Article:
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March a great time to observe migrating waterfowl

Commentary

March 17, 2013
By Walt Young (sports@altoonamirror.com) , The Altoona Mirror

I've never put much faith in weather folklore, so I don't recall if this month came in like a lion or lamb this year. March weather always tends to be fickle as winter wanes and then exerts itself again. Fortunately, spring is always the ultimate victor in this annual battle between the seasons.

In spite of its unpredictable weather patterns, March offers a great window of opportunity to watch many species of waterfowl not usually seen in our area as they wing their way northward on their annual spring migrations. Redheads, canvasbacks, ring-necked ducks, lesser scaup, buffleheads and hooded mergansers are just some of the ducks that use the lakes and rivers of this region as stopovers during their journey.

Most of these ducks, especially the drakes, are beautiful birds and can be easily viewed with a good pair of binoculars as drift about a body of water. The morning after squall or passing storm front will often produce a waterfowl-watching bonanza as the nasty weather drives large flocks of the birds to some sheltered waterway. In addition to a wide variety of ducks, loons, grebes, and tundra swans are some of the other waterfowl that frequently show up during March.

This month started on a gloomy note for area deer hunters, however, as the Pennsylvania Game Commission announced that two deer from Blair County and one from Bedford County taken by hunters last season have tested positive for Chronic Wasting Disease. I've researched and written about this disease since 2002 when it first appeared east of the Mississippi River in Wisconsin. CWD is a contagious disease that attacks the brain of members of the deer family. Once an animal is infected with CWD, the disease is always fatal, and there is no cure, no preventive vaccine or even a way to test live animals for it. At that time, I hoped CWD would not make its way to Pennsylvania anytime soon.

Those hopes were dashed in 2005 when CWD was found in New York and the eastern panhandle of West Virginia. Then in 2010, a deer killed in western Maryland just miles from the Pennsylvania border near Bedford County tested positive for CWD. At that point, it no longer seemed a question of if CWD would be found in Pennsylvania but rather when. That "when" came last October with the discovery of a captive deer in Adams County infected with CWD. And now we know that Blair and Bedford counties have the unenviable distinction of being Ground Zero for the first confirmed cases of CWD in free-ranging deer.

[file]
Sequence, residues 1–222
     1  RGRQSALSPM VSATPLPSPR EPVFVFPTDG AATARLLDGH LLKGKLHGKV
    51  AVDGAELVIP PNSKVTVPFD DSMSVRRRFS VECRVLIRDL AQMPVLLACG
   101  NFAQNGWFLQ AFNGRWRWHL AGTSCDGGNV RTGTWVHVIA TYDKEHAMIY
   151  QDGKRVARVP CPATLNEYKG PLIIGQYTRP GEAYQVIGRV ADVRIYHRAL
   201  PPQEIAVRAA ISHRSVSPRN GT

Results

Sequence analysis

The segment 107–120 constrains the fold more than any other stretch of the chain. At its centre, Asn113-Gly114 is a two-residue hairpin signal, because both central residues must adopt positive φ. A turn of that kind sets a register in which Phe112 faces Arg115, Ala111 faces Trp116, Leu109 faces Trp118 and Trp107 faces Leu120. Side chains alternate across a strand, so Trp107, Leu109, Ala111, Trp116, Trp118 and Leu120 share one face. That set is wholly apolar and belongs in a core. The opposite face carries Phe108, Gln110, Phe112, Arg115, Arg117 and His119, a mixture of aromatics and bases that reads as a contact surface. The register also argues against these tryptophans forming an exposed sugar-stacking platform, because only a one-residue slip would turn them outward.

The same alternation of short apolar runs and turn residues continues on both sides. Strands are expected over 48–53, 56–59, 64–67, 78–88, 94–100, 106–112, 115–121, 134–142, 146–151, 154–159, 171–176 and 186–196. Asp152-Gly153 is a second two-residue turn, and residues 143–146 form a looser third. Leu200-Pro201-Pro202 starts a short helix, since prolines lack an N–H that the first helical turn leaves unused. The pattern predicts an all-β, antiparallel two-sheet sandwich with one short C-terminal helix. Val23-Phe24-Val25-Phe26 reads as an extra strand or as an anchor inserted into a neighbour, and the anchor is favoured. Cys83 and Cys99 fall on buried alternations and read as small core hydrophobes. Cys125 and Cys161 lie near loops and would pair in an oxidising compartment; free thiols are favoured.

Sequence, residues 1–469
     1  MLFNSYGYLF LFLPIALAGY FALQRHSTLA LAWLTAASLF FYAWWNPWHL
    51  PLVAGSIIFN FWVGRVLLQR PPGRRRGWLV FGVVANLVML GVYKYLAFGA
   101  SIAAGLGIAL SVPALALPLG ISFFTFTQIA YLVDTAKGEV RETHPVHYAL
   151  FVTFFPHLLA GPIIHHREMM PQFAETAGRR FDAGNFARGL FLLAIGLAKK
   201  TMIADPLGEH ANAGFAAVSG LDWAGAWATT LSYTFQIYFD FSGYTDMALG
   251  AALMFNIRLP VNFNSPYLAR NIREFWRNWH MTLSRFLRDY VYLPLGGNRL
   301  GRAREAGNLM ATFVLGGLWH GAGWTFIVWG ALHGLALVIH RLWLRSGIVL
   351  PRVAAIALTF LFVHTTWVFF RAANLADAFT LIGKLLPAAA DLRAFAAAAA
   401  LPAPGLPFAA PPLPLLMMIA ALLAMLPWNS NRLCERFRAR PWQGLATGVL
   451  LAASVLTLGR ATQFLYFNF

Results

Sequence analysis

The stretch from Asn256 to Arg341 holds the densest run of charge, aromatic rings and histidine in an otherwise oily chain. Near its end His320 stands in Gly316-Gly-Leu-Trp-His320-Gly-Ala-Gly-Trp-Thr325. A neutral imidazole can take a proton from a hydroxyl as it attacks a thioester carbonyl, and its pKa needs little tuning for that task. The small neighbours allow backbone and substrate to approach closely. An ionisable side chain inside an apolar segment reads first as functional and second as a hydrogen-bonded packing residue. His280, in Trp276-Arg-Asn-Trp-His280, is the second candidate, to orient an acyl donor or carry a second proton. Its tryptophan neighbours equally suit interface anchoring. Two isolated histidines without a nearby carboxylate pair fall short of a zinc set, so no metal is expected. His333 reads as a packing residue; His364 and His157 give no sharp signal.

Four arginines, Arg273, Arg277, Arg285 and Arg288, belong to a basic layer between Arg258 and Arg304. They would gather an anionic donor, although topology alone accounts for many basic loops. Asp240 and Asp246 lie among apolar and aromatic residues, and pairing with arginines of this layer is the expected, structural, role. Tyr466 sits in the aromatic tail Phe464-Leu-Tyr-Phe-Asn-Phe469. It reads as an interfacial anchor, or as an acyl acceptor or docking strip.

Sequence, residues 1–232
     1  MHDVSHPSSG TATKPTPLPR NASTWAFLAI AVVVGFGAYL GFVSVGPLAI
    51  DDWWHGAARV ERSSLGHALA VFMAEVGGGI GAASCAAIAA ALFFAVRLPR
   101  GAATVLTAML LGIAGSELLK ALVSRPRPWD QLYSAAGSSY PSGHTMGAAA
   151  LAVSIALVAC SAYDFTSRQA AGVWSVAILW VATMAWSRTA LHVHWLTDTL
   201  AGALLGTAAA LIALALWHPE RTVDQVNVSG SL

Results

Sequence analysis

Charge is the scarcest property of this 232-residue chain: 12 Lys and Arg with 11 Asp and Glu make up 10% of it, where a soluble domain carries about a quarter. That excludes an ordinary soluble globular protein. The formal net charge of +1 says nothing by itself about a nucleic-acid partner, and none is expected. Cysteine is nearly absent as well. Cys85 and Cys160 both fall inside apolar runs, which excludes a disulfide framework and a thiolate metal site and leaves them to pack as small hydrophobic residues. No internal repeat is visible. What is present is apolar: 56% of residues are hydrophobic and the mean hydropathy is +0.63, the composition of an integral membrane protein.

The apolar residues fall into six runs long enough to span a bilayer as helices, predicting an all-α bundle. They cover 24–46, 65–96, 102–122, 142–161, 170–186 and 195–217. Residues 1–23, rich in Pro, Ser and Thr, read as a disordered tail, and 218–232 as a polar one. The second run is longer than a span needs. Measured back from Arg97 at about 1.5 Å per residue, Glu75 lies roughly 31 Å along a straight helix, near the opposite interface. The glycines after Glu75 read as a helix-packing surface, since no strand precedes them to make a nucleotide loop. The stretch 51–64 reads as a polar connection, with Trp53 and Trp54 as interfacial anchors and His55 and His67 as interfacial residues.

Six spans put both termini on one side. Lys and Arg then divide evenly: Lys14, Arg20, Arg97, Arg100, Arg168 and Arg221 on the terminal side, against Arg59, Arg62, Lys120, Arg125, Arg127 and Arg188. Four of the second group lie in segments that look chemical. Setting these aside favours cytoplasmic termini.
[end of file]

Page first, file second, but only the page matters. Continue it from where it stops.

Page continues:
So what happens now? The Pennsylvania Game Commission will hold a public meeting on the CWD problem this Wednesday, March 20, beginning at 7 p.m., at the Spring Cove Middle School auditorium in Roaring Spring. Based on the official CWD response plan, however, those of us who hunt deer in many parts of Blair or Bedford counties will be facing a real mess. Among other sanctions, expect an executive order banning all feeding of deer and the possession of urine-based deer attractants in a designated disease management area (DMA). Hunters who harvest a deer in the DMA will be required to take the deer to a check station where samples will be taken to test for CWD. Moving certain parts of any deer carcass outside the DMA will also be prohibited.

There will likely be many more emergency measures imposed in the effort to contain the spread of CWD as much as possible, and I'll pass on that information as it becomes available. For those who would like to learn more about CWD, there is a wealth of information on the websites of the Game Commission (pgc.state.pa.us) and the Chronic Wasting Disease Alliance (cwd-info.org).

One event I am looking forward to next week is the annual Landowner/Sportsman Banquet hosted by the Blair County Game, Fish and Forestry Association. This year, the banquet is on Thursday, March 21 at 6 p.m. in the club's main lodge at 301 Riggles Gap Sportsmen Road, Altoona.

This traditional roast beef dinner is held each spring as a grassroots gesture to thank landowners who open their property to hunting and fishing. Following dinner, representatives of the Pennsylvania Game Commission will present a special program. Space is limited, however, and tickets are required. Sportsmen can obtain free tickets for a landowner guest. For more information or to obtain tickets, contact Sharon Merritts at 946-9315or Ashley Merritts at 814-944-2363.

 
 

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